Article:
CANBERRA, Australia (AP) — A newborn Down syndrome baby left by his Australian biological father with his poor surrogate mother in Thailand was one of several cases of surrogate children abandoned because of defects, an expert told a parliamentary inquiry on Thursday.
The high-profile case of baby Gammy prompted the Thai government to ban surrogacy in 2014, and an Australian parliamentary committee launched a review of Australia's laws that prohibit commercial surrogacy.
Gammy was left with his surrogate mother, Pattaramon Chanbua, a 21-year-old food vendor with two young children of her own, when he was born in December 2013. Pattaramon accused the boy's biological parents, Wendy and David Farnell, of leaving her with the infant while taking his healthy twin sister, Pipah, back with them to Australia.
The Farnells denied they had abandoned their son because of his disability, and accused Pattaramon of demanding to keep the boy.
Chief Judge John Pascoe, head of the Federal Circuit Court of Australia and an expert on surrogacy, told the House of Representatives Standing Committee on Social Policy and Legal Affairs that Gammy was not a unique case.
"We believe that baby Gammy was certainly not an isolated incidence," Pascoe said.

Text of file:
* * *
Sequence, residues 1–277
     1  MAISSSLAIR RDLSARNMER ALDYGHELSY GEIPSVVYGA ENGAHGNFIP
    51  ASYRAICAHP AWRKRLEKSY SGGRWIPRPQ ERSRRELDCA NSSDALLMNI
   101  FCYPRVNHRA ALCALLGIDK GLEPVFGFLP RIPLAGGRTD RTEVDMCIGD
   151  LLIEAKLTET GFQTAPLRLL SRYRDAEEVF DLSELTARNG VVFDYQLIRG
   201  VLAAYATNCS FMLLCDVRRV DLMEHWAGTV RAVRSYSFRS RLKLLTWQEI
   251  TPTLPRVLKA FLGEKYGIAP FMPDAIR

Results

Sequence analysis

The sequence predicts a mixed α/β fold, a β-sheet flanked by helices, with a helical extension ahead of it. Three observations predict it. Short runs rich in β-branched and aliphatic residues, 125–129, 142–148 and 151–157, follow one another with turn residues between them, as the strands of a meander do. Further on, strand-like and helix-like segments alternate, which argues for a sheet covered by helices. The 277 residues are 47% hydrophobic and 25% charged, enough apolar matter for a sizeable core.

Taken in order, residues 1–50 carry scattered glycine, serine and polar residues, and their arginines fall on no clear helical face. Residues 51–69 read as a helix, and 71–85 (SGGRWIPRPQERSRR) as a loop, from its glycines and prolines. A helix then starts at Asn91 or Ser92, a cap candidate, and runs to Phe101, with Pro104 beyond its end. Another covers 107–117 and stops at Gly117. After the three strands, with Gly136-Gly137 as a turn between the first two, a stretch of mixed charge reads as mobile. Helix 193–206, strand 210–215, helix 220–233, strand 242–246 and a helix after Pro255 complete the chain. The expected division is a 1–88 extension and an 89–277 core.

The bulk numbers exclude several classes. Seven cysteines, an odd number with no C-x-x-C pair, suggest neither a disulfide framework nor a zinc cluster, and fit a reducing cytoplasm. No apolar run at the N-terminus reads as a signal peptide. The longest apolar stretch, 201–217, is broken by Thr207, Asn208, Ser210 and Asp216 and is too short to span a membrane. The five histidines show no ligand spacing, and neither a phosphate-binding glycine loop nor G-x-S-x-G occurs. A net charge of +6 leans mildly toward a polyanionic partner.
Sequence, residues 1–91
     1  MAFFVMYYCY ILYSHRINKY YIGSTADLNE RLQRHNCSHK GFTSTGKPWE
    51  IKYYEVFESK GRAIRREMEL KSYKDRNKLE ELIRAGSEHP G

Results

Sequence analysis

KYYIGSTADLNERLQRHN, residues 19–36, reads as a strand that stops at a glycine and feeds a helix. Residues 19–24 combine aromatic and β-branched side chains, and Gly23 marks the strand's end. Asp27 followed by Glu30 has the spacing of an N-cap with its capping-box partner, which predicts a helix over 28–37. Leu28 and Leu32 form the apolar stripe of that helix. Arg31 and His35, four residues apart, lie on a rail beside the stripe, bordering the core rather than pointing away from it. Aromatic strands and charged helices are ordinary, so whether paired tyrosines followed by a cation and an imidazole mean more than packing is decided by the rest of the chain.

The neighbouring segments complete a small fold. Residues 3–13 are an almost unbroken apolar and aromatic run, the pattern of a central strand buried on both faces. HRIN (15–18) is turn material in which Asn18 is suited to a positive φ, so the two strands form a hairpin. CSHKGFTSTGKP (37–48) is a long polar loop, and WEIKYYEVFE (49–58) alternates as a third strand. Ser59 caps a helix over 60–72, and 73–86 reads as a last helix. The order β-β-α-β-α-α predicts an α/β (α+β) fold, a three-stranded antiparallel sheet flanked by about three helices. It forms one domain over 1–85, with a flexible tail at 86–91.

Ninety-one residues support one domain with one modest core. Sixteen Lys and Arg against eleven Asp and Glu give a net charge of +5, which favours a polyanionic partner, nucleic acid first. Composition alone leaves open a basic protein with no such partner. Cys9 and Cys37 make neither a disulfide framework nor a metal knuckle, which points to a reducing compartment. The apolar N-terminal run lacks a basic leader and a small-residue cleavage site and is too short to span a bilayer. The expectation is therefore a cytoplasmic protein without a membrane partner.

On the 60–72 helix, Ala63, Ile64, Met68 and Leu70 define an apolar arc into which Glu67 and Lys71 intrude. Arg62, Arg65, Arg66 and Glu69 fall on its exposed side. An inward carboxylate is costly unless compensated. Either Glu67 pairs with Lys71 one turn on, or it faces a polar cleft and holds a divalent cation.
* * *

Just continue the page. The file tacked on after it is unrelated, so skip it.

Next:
Pascoe later told The Associated Press that there was anecdotal evidence that commissioning parents would often not accept babies born with "defects and problems."
Gammy continues to be raised by his surrogate mother in the town of Sri Racha on the east coast of Thailand with the help of a 250,000 Australian dollar ($180,000) fund raised for him by the Australian charity Hands Across the Water.
"He's a happy, healthy and very much loved 2-year-old boy," charity founder Peter Baines said.
Gammy was now a dual national, having taken out Australian citizenship last year based on his biological father's nationality, Baines said.
Pascoe told the inquiry that a baby left by Australian parents in India in 2012 in another high-profile surrogacy case could also have become an Australian citizen, but authorities had been unable to find him.
The parents returned to Sydney with a baby daughter born to an Indian surrogate, but left behind her healthy twin brother because the family already had a son. The Australian Embassy in New Delhi had warned the parents that they risked leaving him stateless because India did not recognize surrogate children as citizens.
Pascoe said since India and Thailand closed down their surrogacy industries, prospective parents turned to Nepal, and following a Nepalese crackdown, Cambodia.
Pascoe recommended that Australian parents lose their right to automatic citizenship for surrogate babies to encourage them to choose better-regulated countries.
Pascoe will represent Australia at The Hague in negotiations for a possible international convention on surrogacy.